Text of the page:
There’s a rush of emotion when you first meet your child. Their skin, perfectly unmarred by the outside world, the tiniest, most precious little fingers and toes. Your whole heart is now a living human being.

You imagine what they will look like when they grow. Will his blonde hair turn brown? Will he have my nose? You imagine all the places you will see, the sleepless nights, the kissed boo-boos, the wobbly first bicycle rides. 

Waylon Cole was born a full term, healthy, big baby boy (over 9lbs!) - he was perfect. Everything was going according to plan for those first few months – figuring out breastfeeding, changed schedules, changed diapers etc. but he was such a good baby.

 At around 4 months, we began to notice little things that didn’t seem right. He wasn’t quite progressing according to “the charts”. But at his check ups, we were always assured everything was ok. We were trying not to worry much either.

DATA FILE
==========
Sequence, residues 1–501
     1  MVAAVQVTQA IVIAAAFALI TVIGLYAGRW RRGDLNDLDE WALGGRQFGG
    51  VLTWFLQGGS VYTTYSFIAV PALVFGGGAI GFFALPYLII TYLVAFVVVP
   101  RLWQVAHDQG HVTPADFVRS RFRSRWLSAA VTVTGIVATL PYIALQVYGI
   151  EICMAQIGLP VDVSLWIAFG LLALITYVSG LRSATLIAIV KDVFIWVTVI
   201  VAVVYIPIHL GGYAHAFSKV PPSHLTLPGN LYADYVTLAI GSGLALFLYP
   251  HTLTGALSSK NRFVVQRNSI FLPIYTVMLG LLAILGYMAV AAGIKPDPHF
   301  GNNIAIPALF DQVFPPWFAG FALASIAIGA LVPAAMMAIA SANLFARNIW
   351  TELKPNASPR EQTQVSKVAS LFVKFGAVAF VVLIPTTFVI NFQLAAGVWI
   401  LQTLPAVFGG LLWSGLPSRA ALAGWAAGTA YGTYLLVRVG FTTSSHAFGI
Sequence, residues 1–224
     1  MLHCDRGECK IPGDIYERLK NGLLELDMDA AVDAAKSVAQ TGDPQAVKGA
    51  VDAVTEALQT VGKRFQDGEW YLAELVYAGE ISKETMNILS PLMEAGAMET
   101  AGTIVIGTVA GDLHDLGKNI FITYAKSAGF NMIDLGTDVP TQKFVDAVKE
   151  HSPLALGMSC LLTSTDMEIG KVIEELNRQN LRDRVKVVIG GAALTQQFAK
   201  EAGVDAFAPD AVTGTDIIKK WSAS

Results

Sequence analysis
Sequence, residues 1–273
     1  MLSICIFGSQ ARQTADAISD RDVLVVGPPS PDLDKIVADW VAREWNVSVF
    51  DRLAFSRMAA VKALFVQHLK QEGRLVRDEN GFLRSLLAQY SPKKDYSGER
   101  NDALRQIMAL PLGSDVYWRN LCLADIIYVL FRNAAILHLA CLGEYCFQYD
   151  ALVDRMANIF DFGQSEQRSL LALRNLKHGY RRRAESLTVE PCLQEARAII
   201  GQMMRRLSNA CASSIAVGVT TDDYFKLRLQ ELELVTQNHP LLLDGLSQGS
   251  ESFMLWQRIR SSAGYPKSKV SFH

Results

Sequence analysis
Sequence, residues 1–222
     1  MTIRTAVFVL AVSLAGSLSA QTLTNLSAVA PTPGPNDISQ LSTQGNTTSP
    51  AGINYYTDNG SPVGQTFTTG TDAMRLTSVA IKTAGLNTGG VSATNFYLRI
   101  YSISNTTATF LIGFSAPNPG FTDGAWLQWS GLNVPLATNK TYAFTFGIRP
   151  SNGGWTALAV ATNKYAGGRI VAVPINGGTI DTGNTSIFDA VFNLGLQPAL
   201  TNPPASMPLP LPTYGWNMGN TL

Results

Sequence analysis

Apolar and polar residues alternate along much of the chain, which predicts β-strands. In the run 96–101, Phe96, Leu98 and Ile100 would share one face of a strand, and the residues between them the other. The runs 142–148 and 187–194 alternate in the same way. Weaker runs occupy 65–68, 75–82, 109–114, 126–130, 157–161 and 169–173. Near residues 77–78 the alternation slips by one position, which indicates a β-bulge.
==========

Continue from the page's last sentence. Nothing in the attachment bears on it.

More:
When he was approaching 5 months old, we started to notice these strange little episodes where when he woke from a nap, his shoulders would scrunch up, one eye would go crossed briefly and he’d looked scared. At that point he stopped making progress developmentally. He wasn’t making eye contact, tracking objects, never smiled, and cried all the time- which wasn’t like him. It was heartbreaking. 

We took Waylon to doctors, chiropractors, and naturopaths trying to get answers. We were told he’s probably having tummy issues, he might have strabismus (cross eyes), and maybe the slight development delay was because of a tight neck muscle. We were assured though, it’s nothing serious.

We knew they were missing something and we couldn’t give up. So, within a couple weeks, I  spontaneously decided to take him to Phoenix Children’s ER. I walked in and said “I think my child is having seizures.” I made that up. I really just wanted him to see a neurologist.